Feed management key to improving poor cattle conditions
Scores of cattle producers will need to offset the impacts of this year’s poor pasture conditions and feed shortages in parts of the Prairies.
Alberta Agriculture recently reported poor pasture conditions in many parts of the province, while Saskatchewan Agriculture disclosed inadequate winter feed supplies and likely shortages in southern regions.
More severe in southern areas, Prairie dryness reduced pasture production and available biomass, resulting in lower quality, higher fibre forages for grazing, according to Western Beef Development Centre’s Bart Lardner.
Feed testing recommended
He suggests farmers feed test to determine nutrient deficiencies as well as the nutritive values of all available winter feedstuffs, and then source necessary supplements.
“It may be pelleted supplements, DDGS (distiller's dried grains with solubles), grain screenings, mixed hay, etc.”
Alberta Agriculture’s beef and forage specialist Barry Yaremcio notes thin cows require more feed to keep warm in winter.
A cow 200 pounds below adequate weight will require 1,400 pounds more hay to stay warm.
That added expense can be avoided with late fall feeding management.
“This is typically the time when guys start moving to swath grazing,” Yaremcio says.
Cattle grazing hay fields in which farmers didn’t take a second or third cut of hay is another option.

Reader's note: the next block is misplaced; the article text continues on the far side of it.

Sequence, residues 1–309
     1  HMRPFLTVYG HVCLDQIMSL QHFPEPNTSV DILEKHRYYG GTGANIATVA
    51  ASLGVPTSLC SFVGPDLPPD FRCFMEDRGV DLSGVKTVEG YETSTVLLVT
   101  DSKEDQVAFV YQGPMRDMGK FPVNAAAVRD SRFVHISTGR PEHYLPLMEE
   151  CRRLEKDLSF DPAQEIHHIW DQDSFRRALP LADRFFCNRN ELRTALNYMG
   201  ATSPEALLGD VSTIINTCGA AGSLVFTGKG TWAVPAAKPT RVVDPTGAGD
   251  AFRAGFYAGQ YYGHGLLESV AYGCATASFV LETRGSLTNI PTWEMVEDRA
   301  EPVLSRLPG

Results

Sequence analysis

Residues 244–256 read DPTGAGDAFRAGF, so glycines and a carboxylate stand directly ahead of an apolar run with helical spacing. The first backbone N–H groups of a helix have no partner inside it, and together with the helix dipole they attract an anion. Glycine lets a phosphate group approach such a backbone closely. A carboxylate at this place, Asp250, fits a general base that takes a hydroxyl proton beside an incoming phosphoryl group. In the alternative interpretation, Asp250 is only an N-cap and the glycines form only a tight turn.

Grazing whole plant corn is a system that’s gained adoption in the last five to eight years in western Canada, Lardner adds.
Corn exceeds the nutrient requirements of a beef cow in her first and second trimester of pregnancy, but it’s not without risks. Cattle will pick out corn’s tastier part, the cob, which is starch heavy, and could cause grain overload issues.
Calves and cows
Yaremcio also recommends weaning calves over 150 days old, explaining they can do just as well or better on a hay-grain ration. In turn, the nutrient requirements of the calves’ mothers will fall 25 per cent.
“Anything you can do to have that cow gain weight prior to the onset of winter will save a lot of grief and frustration in the long-run,” Yaremcio says.
Thin cows produce lower quality colostrum and reduced milk volume, will take longer to start cycling after calving, and have lower conception rates.
Cow condition now can potentially impact cash flow and the number of live calves born for the next two years, Yaremcio says.
For more on cattle body conditioning, visit the Beef Cattle Research Council website.
Farmers are urged to take action to keep their cows at optimal winter weight and avert present and future problems in turn avoiding added expense.
Article by: Richard Kamchen